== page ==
Smoked Candied Pecan Pie

Smoked candied pecan pie will rock your taste buds!

If you’re a fan of watching reruns of the show Parks and Recreation like I am, you may recall an episode in which Andy Dwyer (played by Chris Pratt) was giving advice to Tom by saying, “‘When life gives you lemons, make lemonade.’ I read that one on a can of lemonade.  I like to think that it applies to life.”  While I’m not going to go that deep in thought on you, I like to think when life gives you pecans, you make pecan pie.

The Best Way to Eat Pecans

As you may recall, I have a recipe for smoked candied pecans here on the website. It’s my second favorite way to eat pecans. My #1 favorite way is to take those smoked candied pecans and make a pecan pie!

I have a not-so-top secret recipe I like to use that involves things like sugar, more sugar, corn syrup, salt, and butter. But don’t worry, there’s also a touch of orange zest in there, so you got your fruit category covered. Seriously, pecan pie isn’t known for being healthy, but it is known for being delicious and now you can see why.

Ingredients

  • 1 Cup brown sugar
  • 1/4 Cup granulated sugar
  • 1 1/2 teaspoon vanilla
  • 1/2 teaspoon corn starch
  • 1/2 teaspoon orange zest
  • 1/2 teaspoon salt
  • 3/4 Cup light corn syrup
  • 1/2 cup butter (aka- 1 stick), melted
  • 3 eggs, beaten
  • 1 1/2 Cups smoked candied pecans
  • 1 pie crust

Directions

  1. Take a medium mixing bowl and put in brown sugar, granulated sugar, vanilla, corn starch, orange zest, salt, light corn syrup, melted butter, and three eggs. Stir ingredients together.
  2. Lightly grease a pie tin (or pie pan, pie plate, or whatever you prefer to call it)and put your rolled out pie crust in. Make sure pie crust conforms to the pie tin (or pie pan, pie plate…you get the deal here).
  3. Take half of your pecans and scatter them on the pie crust.
  4. Pour ingredients from mixing bowl into the pie crust.
  5. Take remaining pecans and place on top, making sure to spread them around.
  6. Cover pie in foil and put on your grill with the heat at 350°F for 30 minutes, using pecan wood chunks (or pellets of using a pellet grill) for flavor. NOTE: you can always bake this in your oven as an alternative, but keep in mind you won’t get that extra pecan smoke flavor infused.
  7. After 30 minutes, remove foil from pie. Bake uncovered for another 20-25 minutes.
  8. Let rest until pie is at room temperature.
  9. Dive right in!
Great tasting pie doesn’t need your fancy plates!

Notes

  • When zesting the orange, start at one spot and zest lightly on the surface, spiraling around the orange. The reason for this is you get the best zest from the outmost part of the peel. Going further into the peel in one spot makes the zest more tart.
  • Corn startch helps thicken the pie’s consistency.
  • When baking the pie, you can tell it is done by giving the side of the pie tin a tap and watching how it moves. If it sloshes around, it needs more time. If it jiggles just a little bit, then it’s done.

I hope you enjoy this pie recipe and serve it up for holidays, parties, family gatherings, Tuesdays, etc.!

Smoked Chicken Wings

 

Smoked chicken wings...and drumsticks!
Smoked chicken wings…and drumsticks!

I’ve been looking for an excuse to smoke chicken wings because my family isn’t big on eating them. Wings always remind me of watching sports with friends and family and I figured the best time to make these is when we gather for a big game. But it’s March and being a baseball and college football fan, neither of my favorite sports are in season.  Fortunately, the NCAA basketball tournament came to the rescue! Since most of us who fill out brackets pay little attention to college hoops and suddenly think we’re experts and tune in once March Madness begins, this would be a great time to have people over and cook up some wings. I had those intentions, but life’s been a little crazy ever since my wife and I welcomed our newborn twins into this world earlier this month. After a little bit of effort, I convinced the Mrs. to let me do a food experiment with them. I’m sure it had nothing to do with her being exhausted at all. I followed a chicken wing recipe of Jeff Phillips at www.smoking-meat.com and deviated just a little from it.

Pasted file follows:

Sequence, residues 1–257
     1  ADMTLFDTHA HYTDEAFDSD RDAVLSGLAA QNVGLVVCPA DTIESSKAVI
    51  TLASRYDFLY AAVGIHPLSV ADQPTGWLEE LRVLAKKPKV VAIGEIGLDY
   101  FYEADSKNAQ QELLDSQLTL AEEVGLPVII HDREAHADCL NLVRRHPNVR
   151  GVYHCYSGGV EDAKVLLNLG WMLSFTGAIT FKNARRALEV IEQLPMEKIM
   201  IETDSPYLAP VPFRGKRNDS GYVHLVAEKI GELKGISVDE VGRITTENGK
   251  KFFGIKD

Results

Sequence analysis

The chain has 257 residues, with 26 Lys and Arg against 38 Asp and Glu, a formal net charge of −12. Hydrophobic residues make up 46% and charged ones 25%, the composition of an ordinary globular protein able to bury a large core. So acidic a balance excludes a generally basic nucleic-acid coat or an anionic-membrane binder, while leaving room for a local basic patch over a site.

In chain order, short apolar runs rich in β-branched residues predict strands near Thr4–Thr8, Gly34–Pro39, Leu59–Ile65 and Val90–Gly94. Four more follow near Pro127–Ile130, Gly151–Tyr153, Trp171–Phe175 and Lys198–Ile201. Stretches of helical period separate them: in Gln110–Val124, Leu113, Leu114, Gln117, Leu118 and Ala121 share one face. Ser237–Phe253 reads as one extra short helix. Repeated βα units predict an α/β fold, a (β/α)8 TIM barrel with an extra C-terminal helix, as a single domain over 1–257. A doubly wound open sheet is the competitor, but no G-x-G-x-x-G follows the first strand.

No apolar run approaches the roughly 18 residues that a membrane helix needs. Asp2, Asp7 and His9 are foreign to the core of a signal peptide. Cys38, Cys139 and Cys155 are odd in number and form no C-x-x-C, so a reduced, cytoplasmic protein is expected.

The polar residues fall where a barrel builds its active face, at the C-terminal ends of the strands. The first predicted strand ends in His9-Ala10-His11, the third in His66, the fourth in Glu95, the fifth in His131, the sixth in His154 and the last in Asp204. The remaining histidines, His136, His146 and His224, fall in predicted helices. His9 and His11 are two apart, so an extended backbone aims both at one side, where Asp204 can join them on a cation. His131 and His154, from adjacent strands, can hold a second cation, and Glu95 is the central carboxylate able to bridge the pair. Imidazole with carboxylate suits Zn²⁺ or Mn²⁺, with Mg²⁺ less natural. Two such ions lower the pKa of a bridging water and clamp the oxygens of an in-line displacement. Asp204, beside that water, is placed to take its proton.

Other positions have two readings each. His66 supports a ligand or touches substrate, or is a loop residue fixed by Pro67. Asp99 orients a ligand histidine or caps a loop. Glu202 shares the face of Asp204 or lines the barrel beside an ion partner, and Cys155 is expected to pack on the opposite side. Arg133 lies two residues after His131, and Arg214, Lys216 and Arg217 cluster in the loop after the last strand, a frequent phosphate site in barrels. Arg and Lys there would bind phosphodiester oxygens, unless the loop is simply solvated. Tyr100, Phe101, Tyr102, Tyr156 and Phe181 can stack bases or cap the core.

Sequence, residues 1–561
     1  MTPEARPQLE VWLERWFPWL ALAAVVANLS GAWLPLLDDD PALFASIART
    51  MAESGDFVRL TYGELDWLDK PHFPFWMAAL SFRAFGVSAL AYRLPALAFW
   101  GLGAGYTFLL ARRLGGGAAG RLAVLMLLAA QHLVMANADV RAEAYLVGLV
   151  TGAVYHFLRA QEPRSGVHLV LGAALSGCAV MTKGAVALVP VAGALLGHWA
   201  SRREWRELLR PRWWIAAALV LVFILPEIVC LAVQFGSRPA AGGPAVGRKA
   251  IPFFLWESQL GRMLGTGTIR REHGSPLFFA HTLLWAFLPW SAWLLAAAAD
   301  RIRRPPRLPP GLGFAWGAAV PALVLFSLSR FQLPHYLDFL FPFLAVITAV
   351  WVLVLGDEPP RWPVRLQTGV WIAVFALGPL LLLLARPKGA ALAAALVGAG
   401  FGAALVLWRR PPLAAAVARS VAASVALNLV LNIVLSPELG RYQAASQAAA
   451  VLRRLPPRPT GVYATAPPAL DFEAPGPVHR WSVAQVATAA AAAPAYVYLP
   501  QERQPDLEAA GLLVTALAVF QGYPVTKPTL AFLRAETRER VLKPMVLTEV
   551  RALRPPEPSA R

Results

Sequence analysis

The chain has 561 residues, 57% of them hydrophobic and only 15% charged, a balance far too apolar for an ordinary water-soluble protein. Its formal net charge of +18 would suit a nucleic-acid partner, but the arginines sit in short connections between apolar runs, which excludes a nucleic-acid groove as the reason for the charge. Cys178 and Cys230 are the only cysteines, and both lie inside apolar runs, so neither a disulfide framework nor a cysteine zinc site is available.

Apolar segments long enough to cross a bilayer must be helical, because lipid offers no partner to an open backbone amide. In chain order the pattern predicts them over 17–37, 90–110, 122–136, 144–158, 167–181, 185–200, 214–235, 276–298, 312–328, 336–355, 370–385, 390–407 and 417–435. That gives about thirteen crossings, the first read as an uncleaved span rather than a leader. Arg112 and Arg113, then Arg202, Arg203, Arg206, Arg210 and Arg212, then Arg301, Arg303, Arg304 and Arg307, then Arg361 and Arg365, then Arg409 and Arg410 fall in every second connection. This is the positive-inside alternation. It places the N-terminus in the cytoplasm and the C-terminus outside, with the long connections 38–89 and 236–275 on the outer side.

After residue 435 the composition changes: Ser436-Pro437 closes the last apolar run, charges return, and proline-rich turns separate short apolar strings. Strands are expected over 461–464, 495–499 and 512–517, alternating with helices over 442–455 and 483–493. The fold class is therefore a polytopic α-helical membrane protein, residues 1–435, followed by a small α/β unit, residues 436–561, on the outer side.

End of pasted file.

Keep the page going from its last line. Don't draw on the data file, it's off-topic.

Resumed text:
Meat: 3.5 lbs. Chicken wings (and drumsticks)

Ingredients (marinade): 1/3 cup olive oil, 1/2 cup rub

Ingredients (glaze): 1/2 cup BBQ sauce, 1/2 cup ginger ale, 2 Tablespoons of honey

Wood: Pecan

Smoke Temp.: 240°F/115.6°C

Time: 2 hours

Broiler (optional): 2-3 minutes each side

Finish Temp.: 170°F/76.6°C

When looking for chicken wings, I just went to my local grocery store and picked up a package of Tyson brand, although any brand should do. I like the meat on drumsticks and they are easier for me to eat, so I picked up a pack of those, as well. All in all, I have about 3.5 pounds of meat.

As long as they're not expired, any brand of wings will do.
As long as they’re not expired, any brand of wings will do.

I brought these home and tossed them in a gallon-sized ziploc bag, which fit all the meat with room to spare. Next, I tossed about 1/3 C olive oil and 1/2 C of rub, which I did a mix of both Plowboys Yardbird Rub and Loot N’ Booty Gold Star Chicken Rub because…well, because I can. I zipped up the bag and put it in the fridge overnight.

These wings are in the bag.
These wings are in the bag.

Next, I went out to the smoker, heated up some coals, threw on some pecan wood, got it to about 240°F, and put the wings in.

Ain't no thing but a chicken wing.
Ain’t no thing but a chicken wing.

At about the 90-minute mark, I made a glaze that was a simple mix of BBQ sauce, honey, and ginger ale.

Here are the three amigos I used for the glaze.
Here are the three amigos I used for the glaze.

Thirty minutes later (two hours total), and moving them a little closer to the firebox, the wings got to the temp I was looking for, which is between 170-180°F. This is a little warmer than the 165°F that poultry is considered done at, but heating it up to the 170-180°F range gives it more of a fall-off-the-bone chew to it. Even though these are now technically done, I pull them off the smoker and put them in the broiler to get more of a crispy skin that wings usually have.

On the tanning bed ready to get a little crispy.
On the tanning bed ready to get a little crispy.

I put them in for a couple of minutes on each side to get more crisp. However, it didn’t seem to do much. I’ve come to learn that smoked wings won’t get the same crisp that good old-fashioned wings do, but the flavor of your favorite wood infused into your chicken will more than make up for it. I chose pecan because I love that mild, tasty flavor it brings. Feel free to use your favorite, but I do recommend at least trying the pecan.

Smoked chicken wings...and drumsticks!
The finished product tasted just as good as it looked!

Give it a shot and feel free to share what you think!

Smoked Turkey

Note: this smoke originally took place on 11/26/2015 

Smoked Turkeys.
Smoked Turkeys.